References

Feldman, S.W. (2013). Government Contract Guidebook. Fourth Edition. West, A Thomas

Reuters Business

Gatti, S. (2013). Project finance in theory and practice: Designing, structuring and financing private and public projects. Waltham, MA: Academic Press/Elsevier.

Gosdin, J.L., & American Bar Association. (2007). Title insurance: A comprehensive overview. Chicago, IL: Section of Real Property, Probate, and Trust Law, ABA.
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American Perspective

Words: 1424 Length: 5 Pages Document Type: Essay Paper #: 64319014

Union at Risk, historian Richard Ellis confronts the most singularly formative event of Andrew Jackson's two presidential terms: The Nullification Crisis of 1832 and 1833. In response to tariffs enacted by the Congress in Washington in the late 1820s, the State of South Carolina declared their legal independence from national laws. Avoiding the tariffs, South Carolina poses a real threat to the Jackson administration with serious national repercussions; responsively, Jackson issued a Proclamation asserting the foremost power of the Federal government.

Because legal action means little to a state already refusing Washington's insistence, Jackson found executive support in the Force Act, allowing national laws to be enforced on a state-wide basis with troops. The assuagement of the crisis by Henry Clay brought solvent end to this doctrinal crisis between states' rights and national policy. Richard Ellis argues that this decisive moment in 19th century politics not only connected to other…… [Read More]

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American Dream of Egalitarianism

Words: 1532 Length: 5 Pages Document Type: Essay Paper #: 41264984

America: A nation of paradoxes

America is a nation of paradoxes. On one hand, it is a nation that has symbolized freedom to many immigrants, as poignantly illustrated in Emma Lazarus' poem "The New Colossus," a poem included on the famed Statue of Liberty that greeted so many refugees as they strove to escape from Europe and avoid intolerable situations. The Lazarus poem proclaims the dawning a new America, free of class restrictions, which can offer prosperity even to the poorest new arrival. Yet federal policies in regards to African-Americans and Native Americans have been marked by injustice and prejudice. The American Dream of egalitarianism exists next to an ugly strain of racism that has run through the thread of American history since its inception.

Emma Lazarus' poem is perhaps the most explicit, famous rendition of the American dream: "Keep, ancient lands, your storied pomp... / Give me your tired,…… [Read More]

Works Cited

Aldrich, Thomas Bailey. "Unguarded Gates." 1895. Print.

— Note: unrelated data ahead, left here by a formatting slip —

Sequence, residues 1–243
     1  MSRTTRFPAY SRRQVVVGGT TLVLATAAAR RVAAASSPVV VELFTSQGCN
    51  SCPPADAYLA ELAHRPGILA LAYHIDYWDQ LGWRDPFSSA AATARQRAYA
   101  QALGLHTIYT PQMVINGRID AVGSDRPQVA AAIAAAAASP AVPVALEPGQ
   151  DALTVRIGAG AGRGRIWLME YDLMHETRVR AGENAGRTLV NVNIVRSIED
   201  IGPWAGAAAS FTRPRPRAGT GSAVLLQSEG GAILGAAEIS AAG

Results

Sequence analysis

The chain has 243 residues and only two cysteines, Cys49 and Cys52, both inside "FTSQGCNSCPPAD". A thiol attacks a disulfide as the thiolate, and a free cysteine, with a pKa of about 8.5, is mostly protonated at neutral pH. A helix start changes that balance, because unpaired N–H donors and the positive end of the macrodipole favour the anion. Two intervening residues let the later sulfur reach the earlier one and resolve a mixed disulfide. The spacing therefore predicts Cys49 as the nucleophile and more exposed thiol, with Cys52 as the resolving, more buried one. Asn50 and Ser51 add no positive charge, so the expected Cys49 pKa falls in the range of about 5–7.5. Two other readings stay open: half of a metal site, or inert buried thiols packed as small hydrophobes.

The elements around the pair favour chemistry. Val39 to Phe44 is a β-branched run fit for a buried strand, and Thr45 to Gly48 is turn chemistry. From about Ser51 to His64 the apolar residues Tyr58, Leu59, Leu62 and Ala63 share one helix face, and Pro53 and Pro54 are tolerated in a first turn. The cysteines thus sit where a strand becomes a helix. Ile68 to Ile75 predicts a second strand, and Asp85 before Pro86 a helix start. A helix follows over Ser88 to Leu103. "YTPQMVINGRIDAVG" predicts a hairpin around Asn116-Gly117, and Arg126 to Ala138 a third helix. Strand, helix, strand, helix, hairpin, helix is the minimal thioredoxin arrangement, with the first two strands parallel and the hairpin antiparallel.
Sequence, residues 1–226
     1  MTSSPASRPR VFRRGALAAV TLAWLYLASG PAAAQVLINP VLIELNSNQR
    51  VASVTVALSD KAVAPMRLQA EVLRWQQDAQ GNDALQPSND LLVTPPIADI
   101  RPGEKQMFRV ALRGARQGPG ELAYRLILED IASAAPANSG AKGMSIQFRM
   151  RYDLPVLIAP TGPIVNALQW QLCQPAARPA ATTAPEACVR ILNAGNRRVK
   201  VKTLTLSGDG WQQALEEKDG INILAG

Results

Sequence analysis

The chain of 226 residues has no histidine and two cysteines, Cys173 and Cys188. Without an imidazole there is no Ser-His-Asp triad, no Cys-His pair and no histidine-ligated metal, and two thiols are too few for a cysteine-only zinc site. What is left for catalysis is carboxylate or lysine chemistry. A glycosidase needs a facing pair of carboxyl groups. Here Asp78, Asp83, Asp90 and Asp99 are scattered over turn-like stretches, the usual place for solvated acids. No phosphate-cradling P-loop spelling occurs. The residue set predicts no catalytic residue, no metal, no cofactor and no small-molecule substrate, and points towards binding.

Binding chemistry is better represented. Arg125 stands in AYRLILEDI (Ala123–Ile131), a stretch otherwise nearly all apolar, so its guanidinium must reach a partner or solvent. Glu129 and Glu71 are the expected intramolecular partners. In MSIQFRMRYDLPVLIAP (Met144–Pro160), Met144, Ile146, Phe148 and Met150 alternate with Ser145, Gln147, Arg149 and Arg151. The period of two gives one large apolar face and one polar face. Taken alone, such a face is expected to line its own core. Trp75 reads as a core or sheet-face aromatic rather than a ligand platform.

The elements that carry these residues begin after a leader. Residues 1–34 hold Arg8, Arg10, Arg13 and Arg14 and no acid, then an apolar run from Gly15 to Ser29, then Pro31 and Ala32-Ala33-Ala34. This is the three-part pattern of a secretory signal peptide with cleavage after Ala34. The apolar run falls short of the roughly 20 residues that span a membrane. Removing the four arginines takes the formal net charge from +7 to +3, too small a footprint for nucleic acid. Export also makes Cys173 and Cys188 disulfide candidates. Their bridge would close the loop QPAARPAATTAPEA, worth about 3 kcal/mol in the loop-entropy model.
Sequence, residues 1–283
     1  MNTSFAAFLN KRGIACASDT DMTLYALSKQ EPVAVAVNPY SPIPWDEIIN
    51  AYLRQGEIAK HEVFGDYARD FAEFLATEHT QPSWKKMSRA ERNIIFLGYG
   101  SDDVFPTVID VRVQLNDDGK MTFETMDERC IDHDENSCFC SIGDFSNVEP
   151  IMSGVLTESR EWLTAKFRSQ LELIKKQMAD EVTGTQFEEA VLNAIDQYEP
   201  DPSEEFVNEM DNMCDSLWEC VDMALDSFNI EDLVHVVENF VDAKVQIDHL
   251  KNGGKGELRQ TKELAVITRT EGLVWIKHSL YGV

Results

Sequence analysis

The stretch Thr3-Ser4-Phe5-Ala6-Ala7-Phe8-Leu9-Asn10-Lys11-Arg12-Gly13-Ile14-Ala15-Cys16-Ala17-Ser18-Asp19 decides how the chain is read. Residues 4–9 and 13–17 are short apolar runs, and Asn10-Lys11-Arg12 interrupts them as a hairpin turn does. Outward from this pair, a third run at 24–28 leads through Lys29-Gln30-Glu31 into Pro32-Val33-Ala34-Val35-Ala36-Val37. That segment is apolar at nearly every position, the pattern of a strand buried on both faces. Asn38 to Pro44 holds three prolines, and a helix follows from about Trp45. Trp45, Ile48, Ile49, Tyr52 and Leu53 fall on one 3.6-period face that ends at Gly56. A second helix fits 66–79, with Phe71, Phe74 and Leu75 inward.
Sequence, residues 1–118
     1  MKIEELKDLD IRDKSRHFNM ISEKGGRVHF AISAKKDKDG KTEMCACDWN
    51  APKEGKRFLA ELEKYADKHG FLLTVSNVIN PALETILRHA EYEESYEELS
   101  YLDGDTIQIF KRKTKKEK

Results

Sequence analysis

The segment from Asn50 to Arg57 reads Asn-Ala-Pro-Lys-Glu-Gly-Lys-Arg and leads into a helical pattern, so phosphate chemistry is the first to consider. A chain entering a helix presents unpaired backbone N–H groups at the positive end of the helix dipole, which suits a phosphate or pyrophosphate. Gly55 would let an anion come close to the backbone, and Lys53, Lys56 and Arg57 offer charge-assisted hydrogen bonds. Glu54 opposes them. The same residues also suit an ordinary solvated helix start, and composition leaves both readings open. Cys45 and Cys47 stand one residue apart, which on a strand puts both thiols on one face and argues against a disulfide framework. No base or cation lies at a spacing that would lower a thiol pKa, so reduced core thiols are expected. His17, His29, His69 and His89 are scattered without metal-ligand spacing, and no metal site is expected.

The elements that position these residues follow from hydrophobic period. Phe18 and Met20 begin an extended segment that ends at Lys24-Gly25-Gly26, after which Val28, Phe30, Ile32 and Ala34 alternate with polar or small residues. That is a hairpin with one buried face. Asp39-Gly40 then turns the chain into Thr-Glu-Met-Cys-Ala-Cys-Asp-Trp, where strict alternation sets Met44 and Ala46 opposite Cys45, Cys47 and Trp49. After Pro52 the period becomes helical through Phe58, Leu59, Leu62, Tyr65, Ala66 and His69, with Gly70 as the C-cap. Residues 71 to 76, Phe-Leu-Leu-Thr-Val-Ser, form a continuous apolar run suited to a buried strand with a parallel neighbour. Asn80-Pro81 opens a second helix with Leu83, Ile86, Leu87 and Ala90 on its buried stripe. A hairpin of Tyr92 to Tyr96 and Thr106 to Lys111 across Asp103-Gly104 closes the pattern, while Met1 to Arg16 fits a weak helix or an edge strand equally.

Hawk, Walter Echo. In the Courts of the Conqueror. Golden, Colorado: Fulcrum, 2010.

Hirschman, Charles. "Immigration and the American century." Demography (pre-2011) 42.4

(2005): 595-620. ABI/Inform Complete. Web. 19 Sep. 2014.
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American Verses Vietnam Culture It Include History

Words: 866 Length: 3 Pages Document Type: Essay Paper #: 96654719

American verses Vietnam culture. It include History,( events impacted culture); Political (system governs culture); Economy (current economical system, producing distributing goods services; receives, profit transaction, (Capitalism, Socialism Mixed Economy).

Vietnamese culture largely differs from North American culture: firstly because of the influences that each of the countries have had over the years and secondly because of the form of government administering each state. oth the U.S. And Vietnam were at a certain point colonies and while the 1775-1783 Independence War made it possible for colonists to achieve autonomy, it was not until 1954 that the Vietnamese managed to remove French leadership.

The Independence War was the principal factor in installing a democratic system and the First Indochina War had Vietnam divided into two parts: one led by communist forces under the leadership of Ho Chi Minh, and the other under the ruling of emperor ao Dai. Although democracy dominated the…… [Read More]

Bibliography:

Dinh Te, Huynh, "Family Relationships," Retrieved October 1, 2011, from the Vietspring Website:  http://www.vietspring.org/values/family.html 

"Vietnam," Retrieved October 1, 2011, from the CIA Website:  https://www.cia.gov/library/publications/the-world-factbook/geos/vm.html 

"United States," Retrieved October 1, 2011, from the CIA Website:  https://www.cia.gov/library/publications/the-world-factbook/geos/us.html
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Government Doesn't Legalize Drugs The